New Targeted Therapy Drugs: Unlike conventional chemotherapy drugs that attack both normal and cancerous cells, targeted therapies are designed to block specific substances or pathways in cancer cells that enable cancer to grow. A targeted therapy is one that is designed to treat only the cancer cells and minimize damage to normal, healthy cells. Several targeted therapies have been approved for the management of malignant melanoma and doctors are working to determine the best way to use them.

Zelboraf® (vemurafenib) and Tafinlar® (dabrafenib) belong to a new class of drugs known as BRAF inhibitors. It turns off a genetic mutation called BRAF V600, found in about half of patients with advanced melanoma

As promising as all of the new, targeted therapies are they typically stop working at some point because melanoma cells find another pathway that lets them start growing again. In many cancers, combination therapy improves survival and leads to cures when compared to single agent treatment. Researchers are now testing combinations of two or more targeted therapies.14,15

Tafinlar® plus Mekinist® The COMBI-v clinical trial compared the combination of the BRAF inhibitor Tafinlar® plus the MEK inhibitor Mekinist® with Zelboraf® alone in 704 patients with the BRAF V600mutation. Overall response rates, duration of response and overall survival were improved with combination therapy. The median overall survival was 17.2 months with Zelboraf alone and had not been reached in the Tafinlar®/ Mekinist® treated patients.16

Vaccines: Currently, no vaccine has been approved for the treatment melanoma. Melanoma vaccines produce responses, often dramatic, in some patients, but effects are far from consistent.

The experimental cancer vaccine talimogene laherparepvec (T-VEC) has been demonstrated to promote tumor shrinkage, trigger a systemic immune response and prolong survival in some patients with advanced melanoma. T-VEC is a type of immunotherapy that uses a specially designed virus to destroy cancer cells. It is injected directly into the tumor. After acting locally within the tumor, it is intended to prompt an immune response against cancer cells elsewhere in the body.

Preliminary results showed that 64 percent of injected tumors shrank by half. The vaccine shrank tumors that were directly injected as well as those that were not injected—indicating that the vaccine was triggering the immune system to fight the distant tumors.17


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7 Kirkwood JM, Ibrahim JG, Sondak VK, et al.: High- and low-dose interferon alfa-2b in high-risk melanoma: first analysis of intergroup trial E1690/S9111/C9190. J Clin Oncol 18 (12): 2444-58, 2000.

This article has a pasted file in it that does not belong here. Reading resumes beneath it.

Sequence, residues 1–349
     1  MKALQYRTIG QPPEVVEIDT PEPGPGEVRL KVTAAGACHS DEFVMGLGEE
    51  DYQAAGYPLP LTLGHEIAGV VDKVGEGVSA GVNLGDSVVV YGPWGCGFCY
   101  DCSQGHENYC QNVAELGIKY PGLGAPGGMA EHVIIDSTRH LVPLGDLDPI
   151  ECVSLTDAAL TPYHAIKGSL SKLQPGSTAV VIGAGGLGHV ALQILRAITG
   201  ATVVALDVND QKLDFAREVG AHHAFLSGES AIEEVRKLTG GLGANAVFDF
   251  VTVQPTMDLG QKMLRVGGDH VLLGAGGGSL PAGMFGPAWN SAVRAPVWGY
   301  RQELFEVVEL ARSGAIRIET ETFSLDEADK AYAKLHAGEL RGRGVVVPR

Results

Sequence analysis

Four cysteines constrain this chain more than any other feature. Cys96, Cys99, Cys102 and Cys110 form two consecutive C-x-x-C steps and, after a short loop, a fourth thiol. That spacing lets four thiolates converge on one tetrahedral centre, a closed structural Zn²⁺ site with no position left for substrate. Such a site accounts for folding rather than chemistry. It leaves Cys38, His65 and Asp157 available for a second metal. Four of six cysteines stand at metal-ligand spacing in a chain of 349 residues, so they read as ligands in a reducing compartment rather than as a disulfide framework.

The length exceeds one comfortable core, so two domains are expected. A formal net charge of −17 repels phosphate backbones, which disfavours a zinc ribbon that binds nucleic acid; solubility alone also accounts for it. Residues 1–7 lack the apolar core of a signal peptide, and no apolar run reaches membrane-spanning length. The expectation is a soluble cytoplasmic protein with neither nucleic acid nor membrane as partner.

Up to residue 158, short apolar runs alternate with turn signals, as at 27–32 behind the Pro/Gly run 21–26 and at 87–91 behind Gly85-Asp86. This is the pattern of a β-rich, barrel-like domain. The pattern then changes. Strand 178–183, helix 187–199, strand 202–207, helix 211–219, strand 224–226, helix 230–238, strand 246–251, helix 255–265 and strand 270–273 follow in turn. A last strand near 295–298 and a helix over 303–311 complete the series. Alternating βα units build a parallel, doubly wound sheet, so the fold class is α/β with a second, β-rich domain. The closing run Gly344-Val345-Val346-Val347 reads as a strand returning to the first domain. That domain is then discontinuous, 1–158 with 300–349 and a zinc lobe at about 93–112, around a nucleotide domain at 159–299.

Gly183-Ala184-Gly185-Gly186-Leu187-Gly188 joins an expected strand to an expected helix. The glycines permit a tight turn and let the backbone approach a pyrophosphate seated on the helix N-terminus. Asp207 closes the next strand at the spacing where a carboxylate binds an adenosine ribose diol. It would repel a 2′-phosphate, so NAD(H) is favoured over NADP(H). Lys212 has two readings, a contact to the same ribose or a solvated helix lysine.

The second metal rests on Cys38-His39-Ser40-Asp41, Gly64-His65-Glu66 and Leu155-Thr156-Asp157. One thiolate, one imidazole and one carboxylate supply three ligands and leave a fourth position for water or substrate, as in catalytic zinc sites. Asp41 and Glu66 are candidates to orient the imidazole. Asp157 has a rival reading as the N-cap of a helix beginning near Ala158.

8 Eggermont AM, Suciu S, Santinami M, et al.: Adjuvant therapy with pegylated interferon alfa-2b versus observation alone in resected stage III melanoma: final results of EORTC 18991, a randomised phase III trial. Lancet 372 (9633): 117-26, 2008.

9 J Clin Oncol 32:5s, 2014 (suppl; abstr LBA9008).

10 Agrawal S, Kane JM, Guadagnolo BA, et al. The benefits of adjuvant radiation therapy after therapeutic lymphadenectomy for clinically advanced, high-risk, lymph node-metastatic melanoma. Cancer [early online publication]. August 21, 2009.

11 Shen P, Wanek LA, Morton DL: Is adjuvant radiotherapy necessary after positive lymph node dissection in head and neck melanomas? Ann Surg Oncol 7 (8): 554-9; discussion 560-1, 2000.

12 Ribas A, Hodi FS, Kefford R, et al. Efficacy and safety of the anti-PD-1 monoclonal antibody MK-3475 in 411 patients (pts) with melanoma (MEL). J Clin Oncol 32:5s, 2014.

13 Robert C, Long GV, Brady B, et al. Nivolumab in Previously Untreated Melanoma without BRAF Mutation.New England Journal of Medicine [early online publication]. November 16, 2014.

14 Chapman PB, Hauschild A, Robert C, et al. Improved survival with vemurafenib in melanoma with BRAF V600E mutation. New England Journal of Medicine. 2011;364(26):2507-16. doi: 10.1056/NEJMoa1103782.

15 Hauschild A, Grob JJ, Demidov LV, et al. Dabrafenib in BRAF-mutated metastatic melanoma: a multicentre, open-label, phase 3 randomised controlled trial. Lancet. 2012;380(9839):358-65. doi: 10.1016/S0140-6736(12)60868-X.

16 Flaherty KT, Infante JR, Daud A, et al. Combined BRAF and MEK inhibition in melanoma with BRAF V600 mutations. New England Journal of Medicine.2012;367(18):1694-703. doi: 10.1056/NEJMoa1210093.

17 Andtbacka RH, Ross MI, Delman K, et al: Responses of injected and uninjected lesions to intralesional tal-imogene laherparepvec (T-VEC) in the OPTiM Study and the Contribution of Surgery to Response. Presented at the Society of Surgical Oncology Cancer Symposium in Phoenix, Arizona March 12-15, 2014. Abstract 52.